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© 2011 - All rights reserved. The photos taken by photographer John Maenhout are registered and copyrighted. Use in any form (web, paper publication, public exposure, etc.) is strictly forbidden without the written permission of the photographer. To contact with photographer please use johnmaenhout@yahoo.com



This picture has been taken during a visit with my bike to the Netherlands, Saturday afternoon.
A new season of tulips is started, we get again beautiful colorfully fields.
I found this field between the village Aardenburg and Oostburg in the Netherlands, en completely agriculture area.
The farmer was busy the other color to remove, no red between yellow, or yellow between white.


Although tulips are often associated with the Netherlands, commercial cultivation of the flower began in the Ottoman Empire. The tulip, or lale (from Persian, lâleh) as it is also called in Iran and Turkey, is a flower indigenous to a vast area encompassing arid parts of Africa, Asia, and Europe. The word tulip, which earlier appeared in English in forms such as tulipa or tulipant, entered the language by way of French tulipe and its obsolete form tulipan or by way of Modern Latin tulīpa, from Ottoman Turkish tülbend ("muslin" or "gauze")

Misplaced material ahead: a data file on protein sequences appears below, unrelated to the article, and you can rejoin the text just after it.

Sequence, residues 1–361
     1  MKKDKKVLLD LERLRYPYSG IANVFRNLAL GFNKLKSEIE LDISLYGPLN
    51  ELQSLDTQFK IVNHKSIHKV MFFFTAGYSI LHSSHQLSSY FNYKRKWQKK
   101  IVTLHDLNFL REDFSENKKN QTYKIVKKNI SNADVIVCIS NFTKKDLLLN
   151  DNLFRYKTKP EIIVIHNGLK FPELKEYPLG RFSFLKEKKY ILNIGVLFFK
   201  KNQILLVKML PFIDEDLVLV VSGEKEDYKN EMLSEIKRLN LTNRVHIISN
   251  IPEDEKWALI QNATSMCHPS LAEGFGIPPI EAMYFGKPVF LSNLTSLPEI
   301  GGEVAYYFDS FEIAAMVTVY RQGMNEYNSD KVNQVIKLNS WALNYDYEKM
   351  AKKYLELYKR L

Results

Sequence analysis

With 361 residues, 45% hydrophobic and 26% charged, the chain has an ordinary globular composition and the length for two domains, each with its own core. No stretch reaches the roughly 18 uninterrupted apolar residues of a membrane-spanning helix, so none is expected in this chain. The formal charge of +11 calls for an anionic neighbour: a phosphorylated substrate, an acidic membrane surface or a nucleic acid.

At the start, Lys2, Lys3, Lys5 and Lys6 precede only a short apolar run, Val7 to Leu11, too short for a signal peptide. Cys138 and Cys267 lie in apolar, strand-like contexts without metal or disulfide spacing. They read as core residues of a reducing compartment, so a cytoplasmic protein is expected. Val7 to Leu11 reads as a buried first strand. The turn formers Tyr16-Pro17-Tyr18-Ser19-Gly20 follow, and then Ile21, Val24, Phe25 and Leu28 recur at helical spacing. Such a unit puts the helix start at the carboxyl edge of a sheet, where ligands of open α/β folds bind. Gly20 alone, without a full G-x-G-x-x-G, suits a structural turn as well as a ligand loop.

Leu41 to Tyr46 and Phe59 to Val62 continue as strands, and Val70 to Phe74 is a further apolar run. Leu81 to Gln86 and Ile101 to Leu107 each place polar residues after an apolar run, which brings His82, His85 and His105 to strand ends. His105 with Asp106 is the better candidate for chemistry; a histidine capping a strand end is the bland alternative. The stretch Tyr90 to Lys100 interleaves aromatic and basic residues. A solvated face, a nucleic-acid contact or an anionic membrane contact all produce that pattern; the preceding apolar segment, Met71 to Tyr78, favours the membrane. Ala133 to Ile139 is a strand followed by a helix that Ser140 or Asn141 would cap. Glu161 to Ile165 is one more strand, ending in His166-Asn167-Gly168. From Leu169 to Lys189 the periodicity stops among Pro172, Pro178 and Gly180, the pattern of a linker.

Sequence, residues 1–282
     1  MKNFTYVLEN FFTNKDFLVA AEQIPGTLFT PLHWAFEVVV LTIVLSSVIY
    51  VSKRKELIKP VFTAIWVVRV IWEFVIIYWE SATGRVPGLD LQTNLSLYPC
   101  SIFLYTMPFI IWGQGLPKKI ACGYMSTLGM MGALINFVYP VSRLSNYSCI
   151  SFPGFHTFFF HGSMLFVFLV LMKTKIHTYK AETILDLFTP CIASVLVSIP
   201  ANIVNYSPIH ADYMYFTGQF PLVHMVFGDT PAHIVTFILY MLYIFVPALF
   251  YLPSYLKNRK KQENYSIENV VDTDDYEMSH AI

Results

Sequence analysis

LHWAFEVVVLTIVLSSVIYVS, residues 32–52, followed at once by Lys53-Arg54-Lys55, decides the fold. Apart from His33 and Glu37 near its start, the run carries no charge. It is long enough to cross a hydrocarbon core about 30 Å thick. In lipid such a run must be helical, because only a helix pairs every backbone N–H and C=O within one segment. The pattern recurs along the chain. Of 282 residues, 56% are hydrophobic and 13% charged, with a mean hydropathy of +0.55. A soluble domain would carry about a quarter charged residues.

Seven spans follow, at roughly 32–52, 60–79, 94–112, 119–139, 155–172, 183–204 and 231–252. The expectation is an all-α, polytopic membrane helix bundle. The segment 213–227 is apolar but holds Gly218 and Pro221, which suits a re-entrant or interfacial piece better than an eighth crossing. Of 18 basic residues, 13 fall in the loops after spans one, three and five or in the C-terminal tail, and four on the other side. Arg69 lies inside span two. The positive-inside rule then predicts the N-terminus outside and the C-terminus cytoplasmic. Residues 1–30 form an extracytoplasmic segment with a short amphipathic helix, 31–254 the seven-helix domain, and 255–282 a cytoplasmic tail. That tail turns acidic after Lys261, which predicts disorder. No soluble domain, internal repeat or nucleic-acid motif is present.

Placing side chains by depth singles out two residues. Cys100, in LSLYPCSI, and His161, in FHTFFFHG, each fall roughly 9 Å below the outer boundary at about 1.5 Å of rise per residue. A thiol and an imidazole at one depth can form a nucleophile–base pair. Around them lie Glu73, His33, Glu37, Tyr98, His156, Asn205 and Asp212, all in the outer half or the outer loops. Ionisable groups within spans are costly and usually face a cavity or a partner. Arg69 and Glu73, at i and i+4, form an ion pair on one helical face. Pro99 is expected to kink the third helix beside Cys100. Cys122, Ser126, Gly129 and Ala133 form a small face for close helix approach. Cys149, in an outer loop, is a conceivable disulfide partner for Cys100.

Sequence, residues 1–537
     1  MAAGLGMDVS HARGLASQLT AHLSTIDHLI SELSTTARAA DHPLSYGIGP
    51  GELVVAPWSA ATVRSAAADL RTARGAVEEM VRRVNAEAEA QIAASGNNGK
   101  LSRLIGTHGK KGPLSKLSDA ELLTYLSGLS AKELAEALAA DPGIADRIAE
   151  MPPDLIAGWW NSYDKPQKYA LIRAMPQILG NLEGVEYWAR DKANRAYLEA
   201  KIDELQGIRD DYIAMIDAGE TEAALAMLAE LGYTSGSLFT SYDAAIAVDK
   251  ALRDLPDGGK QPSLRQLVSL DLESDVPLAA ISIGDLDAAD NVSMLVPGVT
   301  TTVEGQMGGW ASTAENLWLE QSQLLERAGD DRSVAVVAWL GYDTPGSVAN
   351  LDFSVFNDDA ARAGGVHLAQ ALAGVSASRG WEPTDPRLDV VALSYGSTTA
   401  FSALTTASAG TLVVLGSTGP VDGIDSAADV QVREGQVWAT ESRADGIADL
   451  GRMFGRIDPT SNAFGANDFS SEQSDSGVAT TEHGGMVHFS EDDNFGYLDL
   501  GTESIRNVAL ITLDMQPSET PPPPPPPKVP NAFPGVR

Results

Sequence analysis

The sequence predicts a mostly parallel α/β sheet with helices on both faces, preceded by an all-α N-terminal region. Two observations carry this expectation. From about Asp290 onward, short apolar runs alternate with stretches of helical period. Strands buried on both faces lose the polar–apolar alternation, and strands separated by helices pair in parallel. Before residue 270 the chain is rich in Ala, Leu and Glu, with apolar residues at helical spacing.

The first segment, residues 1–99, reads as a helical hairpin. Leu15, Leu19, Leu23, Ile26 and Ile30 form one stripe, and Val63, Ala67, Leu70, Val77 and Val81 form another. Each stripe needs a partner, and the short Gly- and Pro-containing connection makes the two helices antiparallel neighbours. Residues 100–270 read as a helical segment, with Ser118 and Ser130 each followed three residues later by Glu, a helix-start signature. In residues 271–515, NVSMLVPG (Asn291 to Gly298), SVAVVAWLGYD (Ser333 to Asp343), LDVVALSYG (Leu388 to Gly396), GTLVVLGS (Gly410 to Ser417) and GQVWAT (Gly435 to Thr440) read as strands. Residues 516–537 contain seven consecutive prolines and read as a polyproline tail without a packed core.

Tulips are indigenous to mountainous areas with temperate climates and need a period of cool dormancy, known as vernalization. They thrive in climates with long, cool springs and dry summers. Although perennials, tulip bulbs are often imported to warm-winter areas of the world from cold-winter areas, and are planted in the fall to be treated as annuals.
Tulip bulbs are typically planted around late summer and fall, in well-drained soils, normally from 4 inches (10 cm) to 8 inches (20 cm) deep, depending on the type planted. In parts of the world that do not have long cool springs and dry summers, the bulbs are often planted up to 12 inches (300 mm) deep. This provides some insulation from the heat of summer, and tends to encourage the plants to regenerate one large, floriferous bulb each year, instead of many smaller, non-blooming ones. This can extend the life of a tulip plant in warmer-winter areas by a few years, but it does not stave off degradation in bulb size and the eventual death of the plant due to the lack of verbalizations.

I hope you like it.



Canon EOS 5D Mark II
Shooting Date/Time
9/04/2011 17:16:58
Tv( Shutter Speed )
1/160
Av( Aperture Value )
20.0
ISO Speed
200
Lens
EF24-105mm f/4L IS USM
Focal Length
24.0mm
Image Size
5616x3744
Image Quality
RAW
Picture Style
Landscape

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